Josée, directed by Jong-kwan Kim, based on the short story by Seiko Tanabe, screened at this year’s Fantasia International Film Festival. The film is a remake of a 2003 Japanese film called Josee, the Tiger and the Fish. This Korean remake stars Han Ji-min as Josée, a disabled woman who lives in her world, and Nam Joo-hyuk as Yeong-Suk, a college student who becomes part of her world. Josée is breathtaking; the colors exude warmth with the contrasting poignant story. The story, despite some confusion, will leave audiences fighting back tears. Beginnings are always full of promise and endings, no matter how harmonious, remain tinged with sadness at what might have been.
Quiet Romantic Tale
The film is sweet and sad—a memorable yet painful mix. Yeong-Suk meets Josée when he finds her lying in the street because she tried to escape a despicable man who molested her. He helps her back into her wheelchair and home. After Josée gives him a meal as thanks, he leaves but begins coming by to help her and her grandmother.
Josée tells him stories of her worldly past, but it is apparent these stories are fiction. Trauma too early can cause those harmed to seclude themselves from the world to stave off more pain. I love that they don’t go into detail about her past. They focus on how Josée now deals with the world by creating her own through stories. Sometimes, being trapped is preferable to taking risks.
As Yeong-Suk continues to visit, their relationship blossoms into love. However, Yeong-Suk moves toward love while Josée seems to distance away. Josée reminds me of The Way We Were, and though we wish “love conquered all,” it often comes down to whether people want to fight for it. Sometimes, though, we meet people who help us become more than we were if we are lucky. Josée starts as a shut-in, scared to let the outside world in, but she is more outgoing by the end, and even her expressions have life to them.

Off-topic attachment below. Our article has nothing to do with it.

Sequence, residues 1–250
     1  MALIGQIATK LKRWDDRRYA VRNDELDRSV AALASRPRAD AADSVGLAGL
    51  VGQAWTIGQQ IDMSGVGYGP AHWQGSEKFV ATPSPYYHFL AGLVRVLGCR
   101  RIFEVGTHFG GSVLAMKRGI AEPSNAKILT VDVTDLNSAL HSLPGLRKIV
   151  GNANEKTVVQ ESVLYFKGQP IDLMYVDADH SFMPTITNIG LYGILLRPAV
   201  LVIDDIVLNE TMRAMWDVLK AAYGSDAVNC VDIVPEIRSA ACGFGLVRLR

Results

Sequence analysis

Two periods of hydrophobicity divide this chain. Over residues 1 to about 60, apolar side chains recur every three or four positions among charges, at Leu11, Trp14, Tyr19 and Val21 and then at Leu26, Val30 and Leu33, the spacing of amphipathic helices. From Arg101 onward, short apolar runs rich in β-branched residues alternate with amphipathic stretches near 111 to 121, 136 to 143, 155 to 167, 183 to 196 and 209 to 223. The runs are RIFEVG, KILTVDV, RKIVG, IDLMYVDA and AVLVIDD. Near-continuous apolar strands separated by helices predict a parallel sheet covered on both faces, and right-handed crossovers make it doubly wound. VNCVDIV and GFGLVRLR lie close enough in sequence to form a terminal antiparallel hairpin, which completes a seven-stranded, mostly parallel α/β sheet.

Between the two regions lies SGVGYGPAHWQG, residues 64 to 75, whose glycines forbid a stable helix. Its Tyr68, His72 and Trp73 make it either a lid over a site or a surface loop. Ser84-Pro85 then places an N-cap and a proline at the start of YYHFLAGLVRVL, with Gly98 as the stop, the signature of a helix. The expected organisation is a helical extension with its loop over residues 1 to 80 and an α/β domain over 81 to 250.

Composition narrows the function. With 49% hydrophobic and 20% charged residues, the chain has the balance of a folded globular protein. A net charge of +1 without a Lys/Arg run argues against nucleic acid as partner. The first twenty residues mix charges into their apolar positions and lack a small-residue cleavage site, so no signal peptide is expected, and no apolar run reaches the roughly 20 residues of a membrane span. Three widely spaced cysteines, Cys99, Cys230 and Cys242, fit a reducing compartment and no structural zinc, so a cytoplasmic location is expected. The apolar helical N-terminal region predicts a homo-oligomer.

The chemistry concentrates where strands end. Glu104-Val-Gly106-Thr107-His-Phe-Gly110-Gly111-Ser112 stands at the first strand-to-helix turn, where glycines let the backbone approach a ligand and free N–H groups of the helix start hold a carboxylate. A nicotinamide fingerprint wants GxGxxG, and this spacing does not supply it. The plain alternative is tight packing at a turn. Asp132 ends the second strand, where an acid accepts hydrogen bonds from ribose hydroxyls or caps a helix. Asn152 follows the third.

Becomes Confusing, But Has Dynamic Chemistry
Josée becomes a bit confusing, however, with the time jump scene near the end. It is unclear from this point when Josée’s imagination took over and what happened. I could only guess based on visual clues onscreen. The ending is confusing as well since it isn’t clear when it takes place. Though the story is still strong, viewers may resent the lack of clarity toward the end.
Nam Joo-hyuk does a compelling job. He conveys youth and caring. His character starts as a college student messing around with a professor until he falls for Josée. He also depicts the sad moments to incredible effect. Han Ji-min is amazing. Her performance is quiet and often reserved. Yet, there’s discomfort on the surface as though she’s unsure how to interact with other people. She is knowledgeable thanks to her avid reading but is rusty with interactions with people. The chemistry between them is dynamic.
Still, although Han Ji-min researched so she could play the role, it’s disappointing that they did not cast Josée with someone who has lived experience. Actresses and actors with disabilities get few opportunities, whether stateside or overseas.
Cinematography Is Captivating
The direction and cinematography are beautiful. Warm hues of leaves in fall and winter, snow scenes, the aquarium, and the sky are all striking. Shots of Josée at the window in her room transmit her isolation and yearning to escape. Direction uses distance to convey the emotional distance between characters. The music throughout is at home in the bittersweet, romantic quality of the film. Each time the music swells, there is an accompanying pain with the joy of each lovely moment.
Josée is stunning; the story has beauty, nostalgia, and love. The cinematography is colorful with purpose. Its story will leave heartache sitting in viewers’ chests. Our cast is small and intimate, and the acting keeps viewers engrossed over its almost two-hour runtime. The film may not make all audiences cry, but it will leave them aching.
Feature photo courtesy of Fantasia Festival